Rinko, at 33, is an established screenwriter for various webseries dramas. She is not only unmarried, but has also not really been dating for quite some time. Our story starts with her 33rd birthday and the announcement that Tokyo will be hosting the 2020 Olympics. Suddenly, she feels that she doesn’t want to remain unwed once the Olympics start, so she’s given herself a deadline to find a husband.

The only problem is, she’s not working particularly hard to meet anyone new! She hopes that a man she works with who had shown interest in her ten years previously might be interested again, but he has moved on to her much younger, pink-haired coworker, leaving Rinko feeling old and unwanted. At the pub she and her friends frequent, they encounter a rude young man who tells them plainly that they’re wasting time getting drunk, and that their activities are less like a “girls’ night,” and more like an “old maids’ gossip circle.” He is the one who first calls them “”what-if” women, and while he’s extraordinarily rude, something about his words rings true for Rinko. When he shows up to audition for one of her dramas and complains about the script, she loses her position on that series and begins to truly feel that she is unwanted.

And this, for me, is what Tokyo Tarereba Girls is about: the fear of being unwanted once you are no longer young, pretty, and willing to please. There is an insidious idea that women are no longer interesting once they become — pardon my language — unfuckable. In fact, Rinko loses her position to a younger woman who she discovers is sleeping with the producer, causing Rinko to spiral into a deep depression. At the close of the first volume, the rude young model/actor, Key, offers her a way to get ahead.

Tokyo Tarereba Girls has been available in English digitally through Kodansha for some time now, so I’ve seen a fair amount of single panels or discussions of its message and meaning (without completely spoiling myself, of course). It is my feeling that the story will go on to redefine Rinko’s position that she needs to be married to one where she learns to focus on herself and her goals, without buckling to outside pressure. At least, that’s what I hope!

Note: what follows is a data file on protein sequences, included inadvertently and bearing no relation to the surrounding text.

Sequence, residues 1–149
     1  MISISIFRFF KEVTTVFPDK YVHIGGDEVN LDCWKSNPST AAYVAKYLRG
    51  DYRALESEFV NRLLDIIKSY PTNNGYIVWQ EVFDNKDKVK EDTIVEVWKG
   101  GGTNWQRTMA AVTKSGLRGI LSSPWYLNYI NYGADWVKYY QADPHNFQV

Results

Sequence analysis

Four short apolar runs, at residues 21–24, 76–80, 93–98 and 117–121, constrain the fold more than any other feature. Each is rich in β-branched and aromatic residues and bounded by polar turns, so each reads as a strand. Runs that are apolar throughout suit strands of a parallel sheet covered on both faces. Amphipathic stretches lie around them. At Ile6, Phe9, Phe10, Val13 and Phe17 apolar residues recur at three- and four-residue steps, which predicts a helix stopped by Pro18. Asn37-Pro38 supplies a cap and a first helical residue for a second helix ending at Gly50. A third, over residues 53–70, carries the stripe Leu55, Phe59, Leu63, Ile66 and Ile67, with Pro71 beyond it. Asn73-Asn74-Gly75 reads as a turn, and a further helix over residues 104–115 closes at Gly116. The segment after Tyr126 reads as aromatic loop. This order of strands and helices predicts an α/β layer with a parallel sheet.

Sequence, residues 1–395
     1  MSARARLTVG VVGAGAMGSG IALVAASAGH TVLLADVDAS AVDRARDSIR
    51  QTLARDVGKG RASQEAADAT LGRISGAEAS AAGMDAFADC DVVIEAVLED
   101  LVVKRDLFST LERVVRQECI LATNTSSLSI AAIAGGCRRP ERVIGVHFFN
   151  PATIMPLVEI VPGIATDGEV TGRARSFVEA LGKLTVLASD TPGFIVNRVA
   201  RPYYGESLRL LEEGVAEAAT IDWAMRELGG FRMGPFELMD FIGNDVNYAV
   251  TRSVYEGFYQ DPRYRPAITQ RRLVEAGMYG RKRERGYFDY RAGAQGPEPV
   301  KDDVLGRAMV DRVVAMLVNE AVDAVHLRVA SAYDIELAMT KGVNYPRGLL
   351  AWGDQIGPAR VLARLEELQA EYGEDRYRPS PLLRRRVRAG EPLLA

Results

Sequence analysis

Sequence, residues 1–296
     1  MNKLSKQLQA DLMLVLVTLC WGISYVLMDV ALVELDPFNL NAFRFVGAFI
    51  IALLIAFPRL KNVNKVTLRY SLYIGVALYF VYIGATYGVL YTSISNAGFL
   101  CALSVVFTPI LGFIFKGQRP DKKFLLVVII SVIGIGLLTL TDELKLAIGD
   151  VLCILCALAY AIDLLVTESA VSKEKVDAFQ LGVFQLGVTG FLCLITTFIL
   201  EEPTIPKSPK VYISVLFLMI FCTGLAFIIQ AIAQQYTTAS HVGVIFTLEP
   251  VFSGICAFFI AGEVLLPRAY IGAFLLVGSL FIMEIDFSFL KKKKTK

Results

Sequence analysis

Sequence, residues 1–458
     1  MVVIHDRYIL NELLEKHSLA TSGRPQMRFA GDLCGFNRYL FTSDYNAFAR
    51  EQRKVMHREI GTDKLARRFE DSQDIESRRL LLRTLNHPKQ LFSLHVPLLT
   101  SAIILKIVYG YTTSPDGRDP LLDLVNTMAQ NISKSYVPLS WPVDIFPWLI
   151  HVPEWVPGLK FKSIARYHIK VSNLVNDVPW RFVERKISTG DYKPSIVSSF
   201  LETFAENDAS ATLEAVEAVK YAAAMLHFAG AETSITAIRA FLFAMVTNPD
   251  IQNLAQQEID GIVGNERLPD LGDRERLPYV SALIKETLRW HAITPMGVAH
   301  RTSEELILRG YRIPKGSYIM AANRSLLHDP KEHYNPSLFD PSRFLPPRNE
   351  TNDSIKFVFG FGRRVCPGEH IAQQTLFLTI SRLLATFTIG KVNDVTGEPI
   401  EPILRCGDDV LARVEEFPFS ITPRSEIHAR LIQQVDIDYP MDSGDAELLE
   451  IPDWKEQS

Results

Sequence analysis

In many ways, Tokyo Tarereba Girls isn’t a happy story. So many women (and I’m sure folks of other genders, as well) feel adrift in a sea of societal expectation. There are so many thinkpieces out there on millennials “choosing” not to buy houses or have children; even if you have no interest in bending to the whims of society, it’s hard to avoid acknowledging that you don’t tick off certain boxes. And yet, Higashimura delivers this anxiety wrapped in the sense of humor that set Princess Jellyfish apart before; there is no attempt to show Rinko and her friends as beautiful paragons of virtue who are underserving of their fate. They are all normal women, with normal lives and normal stresses. They are crass and selfish, women who we might not want to be, but who we recognize in ourselves and in our friends and family.

It is tempting to claim that women like Rinko, who obsess over age, desirability, and the perceived expectations of others, are silly and shallow. Indeed, it is not uncommon to see this kind of criticism even coming from other women. So it was rather refreshing to see, at the back of this first volume, Higashimura’s own beliefs about marriage — essentially, that she fell into it by accident and that she doesn’t put too much weight on its merits. She has pushed back against her friends for their own fears, encouraging them to eschew their anxieties and just live their lives…but then she has also crafted this story highlighting those very real anxieties. She cannot relate to her friends in real life, but she can understand the concerns they have enough to show readers their value.

Since manga began legal English-language circulation, there have always been stories centered around adult men and their struggles and fantasies. It is gratifying to know that the girls and women who facilitated the huge manga boom of the late 90s and early aughts now have manga that have grown up with them, with protagonists their age who also may feel adrift, alone, and unwanted as they age and change. I believe that the manga market is ready for more josei and has been for a while now.

Because I’m terrible at keeping up with digital releases, I’m looking very forward to continuing Tokyo Tarareba Girls as it comes out in print. I know that she’s been acknowledged extensively in Japan, but I really hope to see Akiko Higashimura recognized for her genius in the North American market. To that end, I encourage everyone to try her work, whether it be this or Princess Jellyfish. She captures the struggle of being a woman from so many different perspectives and with such sensitivity, without sacrificing either wit or drama. She truly is a spectacular creator.